Creating the larger than life persona of Swamp Dogg didn’t provide label stability but it did secure a more distinctive character. With his tongue often planted in his cheek, there’s loads of humour in “Wife Sitter”, where with a Joe Tex cackle, he mocks “Why should I get a wife? As long as you got one, I’ll use yours” and the bizarre “Right Arm For Your Love” (“Bop-shoo-bop, Baby I’d chop, off my right arm for your love”). His disposition to giving albums silly titles and being photographed in shorts with rats, maggots and dustbins overshadow some seriously good music. The mellow southern soul groove and eyebrow raising lyrics of 1975’s “Did I Come Back Too Soon (Or Stay Away Too Long)” being a prime example. As cheating songs go, this one has an unexpected twist. Let’s just say his lady was not found with another man.

Although covering the years until 1989, there’s only one track from that decade – so fear not, and that’s tucked at the end, track twenty four. What precedes it, as the title so accurately states, is – and you know this is coming - all good.

It’s All Good by Swamp Dogg is released by Kent Records. Review written for, and first appeared on, Modculture.

Sunday, 15 May 2011

Saturday, 14 May 2011


Whenever I read a fanzine I briefly hanker for my old fanzine producing days. Then I remember how much easier it is doing Monkey Picks and the idea gets dismissed, so full credit to those keeping the faith.

One Two Five comes from a mod/60’s direction but with a focus on new bands is firmly set in the present day, with a strong local (County Antrim) flavour. It won’t win any design prizes, very much a made-and-printed-at-home affair but its spirit and enthusiasm overcome that. It also makes a pleasant change to read someone prepared to tell it like it is. In a small scene like the mod one it’s not easy to do without ruffling peacock feathers, so again, credit for that.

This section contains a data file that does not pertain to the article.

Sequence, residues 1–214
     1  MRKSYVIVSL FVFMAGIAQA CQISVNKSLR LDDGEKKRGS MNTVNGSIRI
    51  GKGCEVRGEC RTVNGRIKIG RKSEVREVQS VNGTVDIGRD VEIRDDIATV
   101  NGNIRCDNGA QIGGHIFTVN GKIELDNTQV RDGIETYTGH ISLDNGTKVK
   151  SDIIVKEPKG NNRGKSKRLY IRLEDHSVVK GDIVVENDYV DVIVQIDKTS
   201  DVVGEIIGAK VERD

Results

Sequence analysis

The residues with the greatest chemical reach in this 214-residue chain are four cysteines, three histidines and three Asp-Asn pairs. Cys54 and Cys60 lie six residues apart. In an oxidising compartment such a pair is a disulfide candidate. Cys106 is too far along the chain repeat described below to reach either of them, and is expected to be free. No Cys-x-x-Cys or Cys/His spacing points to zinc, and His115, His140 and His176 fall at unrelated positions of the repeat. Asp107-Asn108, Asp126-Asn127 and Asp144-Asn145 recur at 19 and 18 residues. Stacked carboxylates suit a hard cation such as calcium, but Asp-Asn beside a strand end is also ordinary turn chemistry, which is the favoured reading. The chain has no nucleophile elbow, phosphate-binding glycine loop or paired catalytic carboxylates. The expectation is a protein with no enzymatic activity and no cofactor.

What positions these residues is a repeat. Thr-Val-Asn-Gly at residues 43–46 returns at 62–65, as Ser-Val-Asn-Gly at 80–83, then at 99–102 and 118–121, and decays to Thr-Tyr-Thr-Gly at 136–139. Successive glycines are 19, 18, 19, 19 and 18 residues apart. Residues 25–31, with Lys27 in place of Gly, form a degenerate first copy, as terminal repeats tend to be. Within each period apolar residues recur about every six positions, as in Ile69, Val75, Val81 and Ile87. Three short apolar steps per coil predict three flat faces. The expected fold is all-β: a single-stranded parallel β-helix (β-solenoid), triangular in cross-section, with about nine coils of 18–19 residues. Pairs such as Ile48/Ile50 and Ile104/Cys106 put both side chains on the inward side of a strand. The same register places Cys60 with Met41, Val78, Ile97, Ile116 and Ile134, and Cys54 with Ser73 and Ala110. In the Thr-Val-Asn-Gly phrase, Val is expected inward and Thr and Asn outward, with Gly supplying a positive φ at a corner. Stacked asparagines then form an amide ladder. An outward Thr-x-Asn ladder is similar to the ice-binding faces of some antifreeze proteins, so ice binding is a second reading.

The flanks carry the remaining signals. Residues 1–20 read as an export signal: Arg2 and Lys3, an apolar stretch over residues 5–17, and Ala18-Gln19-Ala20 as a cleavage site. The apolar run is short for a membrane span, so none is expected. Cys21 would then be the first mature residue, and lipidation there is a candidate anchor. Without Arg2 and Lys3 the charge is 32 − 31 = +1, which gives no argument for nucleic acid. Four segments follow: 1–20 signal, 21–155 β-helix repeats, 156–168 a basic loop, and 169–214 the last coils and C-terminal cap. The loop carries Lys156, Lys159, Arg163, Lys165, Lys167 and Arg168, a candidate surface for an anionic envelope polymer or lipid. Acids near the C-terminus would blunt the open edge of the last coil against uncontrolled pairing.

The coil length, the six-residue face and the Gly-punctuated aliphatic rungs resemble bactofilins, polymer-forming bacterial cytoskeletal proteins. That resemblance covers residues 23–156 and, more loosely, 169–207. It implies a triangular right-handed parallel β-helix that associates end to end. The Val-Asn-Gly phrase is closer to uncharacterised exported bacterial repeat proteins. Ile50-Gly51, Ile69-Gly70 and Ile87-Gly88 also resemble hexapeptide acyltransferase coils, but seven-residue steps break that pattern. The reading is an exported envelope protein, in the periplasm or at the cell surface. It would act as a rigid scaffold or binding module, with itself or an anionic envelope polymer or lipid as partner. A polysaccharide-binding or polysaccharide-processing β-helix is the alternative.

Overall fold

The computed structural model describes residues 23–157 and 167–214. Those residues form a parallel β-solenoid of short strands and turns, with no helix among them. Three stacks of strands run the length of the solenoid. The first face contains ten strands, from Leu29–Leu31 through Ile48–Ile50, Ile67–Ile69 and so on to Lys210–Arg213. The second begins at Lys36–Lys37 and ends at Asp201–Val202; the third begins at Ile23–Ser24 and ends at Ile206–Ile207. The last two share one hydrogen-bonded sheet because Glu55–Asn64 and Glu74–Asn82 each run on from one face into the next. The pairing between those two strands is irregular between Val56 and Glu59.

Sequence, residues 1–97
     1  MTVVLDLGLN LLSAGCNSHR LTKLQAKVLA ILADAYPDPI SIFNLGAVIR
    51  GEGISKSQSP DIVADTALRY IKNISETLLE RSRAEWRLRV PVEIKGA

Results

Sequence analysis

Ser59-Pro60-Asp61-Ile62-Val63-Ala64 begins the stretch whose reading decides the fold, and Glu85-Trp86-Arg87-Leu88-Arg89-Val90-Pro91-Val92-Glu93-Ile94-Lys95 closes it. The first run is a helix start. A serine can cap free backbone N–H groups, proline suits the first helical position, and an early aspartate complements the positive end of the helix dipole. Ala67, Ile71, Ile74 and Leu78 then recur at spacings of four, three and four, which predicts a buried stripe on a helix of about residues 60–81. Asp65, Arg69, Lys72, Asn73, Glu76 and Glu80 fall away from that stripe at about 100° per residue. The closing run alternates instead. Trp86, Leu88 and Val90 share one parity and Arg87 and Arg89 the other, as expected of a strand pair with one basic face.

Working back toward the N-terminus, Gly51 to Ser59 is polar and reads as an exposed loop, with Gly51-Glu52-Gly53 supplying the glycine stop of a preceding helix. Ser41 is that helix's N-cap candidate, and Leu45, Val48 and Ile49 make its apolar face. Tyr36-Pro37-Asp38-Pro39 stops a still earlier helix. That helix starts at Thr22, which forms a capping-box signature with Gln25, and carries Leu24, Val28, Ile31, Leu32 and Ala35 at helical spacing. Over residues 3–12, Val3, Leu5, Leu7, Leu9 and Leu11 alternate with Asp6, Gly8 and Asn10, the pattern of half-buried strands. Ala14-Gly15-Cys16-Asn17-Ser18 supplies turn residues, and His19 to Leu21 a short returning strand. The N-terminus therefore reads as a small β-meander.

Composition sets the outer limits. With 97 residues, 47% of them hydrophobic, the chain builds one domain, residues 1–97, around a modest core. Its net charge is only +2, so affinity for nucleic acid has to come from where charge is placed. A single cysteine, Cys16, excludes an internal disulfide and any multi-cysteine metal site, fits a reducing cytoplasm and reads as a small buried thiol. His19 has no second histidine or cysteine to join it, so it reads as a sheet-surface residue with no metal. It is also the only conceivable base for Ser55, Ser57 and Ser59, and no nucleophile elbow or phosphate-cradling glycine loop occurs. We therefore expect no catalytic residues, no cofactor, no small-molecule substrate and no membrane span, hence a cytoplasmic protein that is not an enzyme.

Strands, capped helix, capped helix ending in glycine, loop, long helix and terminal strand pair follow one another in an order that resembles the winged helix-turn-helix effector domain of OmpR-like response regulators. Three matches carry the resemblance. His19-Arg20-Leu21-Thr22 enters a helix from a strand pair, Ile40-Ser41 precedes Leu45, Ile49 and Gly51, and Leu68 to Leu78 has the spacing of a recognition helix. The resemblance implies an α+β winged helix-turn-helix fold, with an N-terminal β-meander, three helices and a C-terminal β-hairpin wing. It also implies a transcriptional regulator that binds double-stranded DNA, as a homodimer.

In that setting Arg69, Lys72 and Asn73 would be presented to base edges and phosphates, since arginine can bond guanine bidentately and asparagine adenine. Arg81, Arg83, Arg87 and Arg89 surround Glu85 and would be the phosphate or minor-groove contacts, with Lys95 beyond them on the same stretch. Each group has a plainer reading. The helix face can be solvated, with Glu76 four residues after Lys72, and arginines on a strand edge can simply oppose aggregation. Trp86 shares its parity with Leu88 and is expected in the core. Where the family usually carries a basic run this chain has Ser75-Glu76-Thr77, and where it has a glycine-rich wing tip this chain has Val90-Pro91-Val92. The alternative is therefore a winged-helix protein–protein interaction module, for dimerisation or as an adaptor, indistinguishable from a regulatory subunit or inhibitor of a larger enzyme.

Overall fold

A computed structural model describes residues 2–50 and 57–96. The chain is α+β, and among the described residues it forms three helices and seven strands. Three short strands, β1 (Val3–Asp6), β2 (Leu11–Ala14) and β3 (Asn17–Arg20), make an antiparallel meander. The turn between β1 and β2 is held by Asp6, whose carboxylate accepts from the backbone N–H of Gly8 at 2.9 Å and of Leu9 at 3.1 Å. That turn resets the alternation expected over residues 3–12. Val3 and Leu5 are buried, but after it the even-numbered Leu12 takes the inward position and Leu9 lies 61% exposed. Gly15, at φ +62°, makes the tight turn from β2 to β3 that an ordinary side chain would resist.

Among all the bands are a few that caught my eye and look worthy of further investigation. Top of the list is Argentinian combo The Omelettes. Well, with a name like that. And with a shop name like Mike Hunt Classic Clothing, the next time I’m in Belfast, I’ll pop in. But the highlight is an interview with the late Mark Tulin of legendary (think they’re just about worthy of that title) garage psychsters, The Electric Prunes. Their relationship with producer Dave Hassinger makes interesting reading. “He discouraged us from writing songs. He told us we stunk. As a matter of fact, for some of the songs that are on the album, we had to go in and cut demos, bring them in and tell him someone else wrote them.”

Twenty four full colour A4 pages, priced three quid. Search for it via eBay or contact onetwofivemag@btinternet.com for further details.

Tuesday, 10 May 2011

THE SEEDS - "EVIL HOODOO" (1966/2011)